Tomas Spidlik: Is Your Life Marked by Prayer to the Father?

Feast of the Holy Prophet Zephaniah

Spidlik_Square.jpgPRAYER IS an ascent of the spirit to God, a request addressed to God, a dialogue with God. Only with a person can we converse. Unlike systems of philosophy, a living religion has a personal view of the deity, a certain concept of the divine “fatherhood”, known from experience. This dimension is very explicit in Scripture, which is the revelation of a God who lives and reigns. Scripture contains no treatise De Deo [On God]: it does not stand back, as if to describe its object from a distance. It asks us, not to speak about God, but to listen to Him and respond to Him. What prompted Israel to call God its father was a living experience, not reason. The Letmotiv in psalmic prayer is batah, “to put one’s trust in.” Jesus Christ fulfills Judaic reflection on the fatherhood of God. He invites us to live like a child who entreats its father (Mt. 7.7-11) and trusts Him (6.24-34). The life of believers is therefore marked by prayer to the Father.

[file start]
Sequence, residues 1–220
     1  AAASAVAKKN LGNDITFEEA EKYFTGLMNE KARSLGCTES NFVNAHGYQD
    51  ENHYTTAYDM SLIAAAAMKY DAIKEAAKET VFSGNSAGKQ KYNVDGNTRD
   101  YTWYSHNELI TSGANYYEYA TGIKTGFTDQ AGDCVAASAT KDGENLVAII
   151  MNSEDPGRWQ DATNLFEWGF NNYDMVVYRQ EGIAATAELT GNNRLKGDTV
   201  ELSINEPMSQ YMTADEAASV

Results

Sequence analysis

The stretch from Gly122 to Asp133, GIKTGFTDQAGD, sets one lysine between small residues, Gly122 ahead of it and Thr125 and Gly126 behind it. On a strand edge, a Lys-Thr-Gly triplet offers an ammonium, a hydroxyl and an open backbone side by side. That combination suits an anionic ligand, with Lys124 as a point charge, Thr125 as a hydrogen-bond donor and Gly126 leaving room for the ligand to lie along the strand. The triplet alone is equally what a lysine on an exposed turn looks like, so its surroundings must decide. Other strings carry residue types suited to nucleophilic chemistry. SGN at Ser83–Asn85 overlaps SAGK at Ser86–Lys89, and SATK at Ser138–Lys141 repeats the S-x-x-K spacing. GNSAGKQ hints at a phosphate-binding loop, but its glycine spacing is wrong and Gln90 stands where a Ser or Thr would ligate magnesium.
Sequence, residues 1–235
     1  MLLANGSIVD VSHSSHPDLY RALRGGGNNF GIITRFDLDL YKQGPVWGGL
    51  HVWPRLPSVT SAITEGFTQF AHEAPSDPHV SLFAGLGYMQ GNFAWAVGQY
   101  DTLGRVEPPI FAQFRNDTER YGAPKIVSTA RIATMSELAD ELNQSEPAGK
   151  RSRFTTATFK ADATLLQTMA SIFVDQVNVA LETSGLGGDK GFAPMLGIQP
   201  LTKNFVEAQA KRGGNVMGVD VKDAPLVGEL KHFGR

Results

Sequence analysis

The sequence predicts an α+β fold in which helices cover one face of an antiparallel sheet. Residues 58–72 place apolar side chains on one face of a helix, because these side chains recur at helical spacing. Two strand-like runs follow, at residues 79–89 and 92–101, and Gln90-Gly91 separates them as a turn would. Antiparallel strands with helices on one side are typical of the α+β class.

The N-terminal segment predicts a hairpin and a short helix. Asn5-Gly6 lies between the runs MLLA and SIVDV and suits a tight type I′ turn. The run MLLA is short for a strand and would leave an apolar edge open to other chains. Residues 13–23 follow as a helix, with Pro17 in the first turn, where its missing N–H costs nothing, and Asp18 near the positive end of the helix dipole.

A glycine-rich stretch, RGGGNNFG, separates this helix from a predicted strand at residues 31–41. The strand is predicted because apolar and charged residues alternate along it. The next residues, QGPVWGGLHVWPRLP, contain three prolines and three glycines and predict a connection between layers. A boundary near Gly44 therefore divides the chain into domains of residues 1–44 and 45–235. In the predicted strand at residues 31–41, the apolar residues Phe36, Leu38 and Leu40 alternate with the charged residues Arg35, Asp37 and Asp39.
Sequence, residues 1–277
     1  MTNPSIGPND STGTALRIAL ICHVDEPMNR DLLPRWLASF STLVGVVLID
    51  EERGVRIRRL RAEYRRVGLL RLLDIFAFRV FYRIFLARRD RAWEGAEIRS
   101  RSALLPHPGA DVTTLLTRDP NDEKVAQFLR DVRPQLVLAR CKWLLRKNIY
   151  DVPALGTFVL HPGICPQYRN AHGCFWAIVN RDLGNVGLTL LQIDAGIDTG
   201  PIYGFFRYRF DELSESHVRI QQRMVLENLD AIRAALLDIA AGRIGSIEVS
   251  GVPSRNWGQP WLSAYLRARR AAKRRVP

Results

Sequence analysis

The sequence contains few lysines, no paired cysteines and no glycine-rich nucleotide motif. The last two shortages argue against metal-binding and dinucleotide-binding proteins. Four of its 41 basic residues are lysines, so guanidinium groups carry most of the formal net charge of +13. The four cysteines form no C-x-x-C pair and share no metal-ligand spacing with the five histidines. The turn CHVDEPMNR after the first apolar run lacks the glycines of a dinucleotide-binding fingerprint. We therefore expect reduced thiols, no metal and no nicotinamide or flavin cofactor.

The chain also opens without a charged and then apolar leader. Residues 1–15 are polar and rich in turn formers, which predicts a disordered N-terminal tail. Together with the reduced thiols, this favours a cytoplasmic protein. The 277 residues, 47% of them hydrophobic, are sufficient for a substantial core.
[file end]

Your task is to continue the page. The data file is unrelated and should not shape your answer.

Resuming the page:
The Church Fathers instinctively viewed the Lord’s Prayer as the pre-eminent Christian prayer (sometimes with an anti-Jewish touch). Their explanations are usually based on Johannine or Pauline texts about the divine filiation. “The one who loves God constantly lives and speaks with Him as a Father”, Evagrius writes.

A beautiful meditation entitled “The Father and his Children”, by Tikhon of Zadonsk sought to develop this concept in greater detail: “Children are born of a father; renewed and made children of God by grace. Christians too, are born of God. Character traits resembling those of the father are found in the children. Father and children speak to one another with tenderness.”

—Tomas Spidlik, Prayer: The Spirituality of the Christian East, Volume 2

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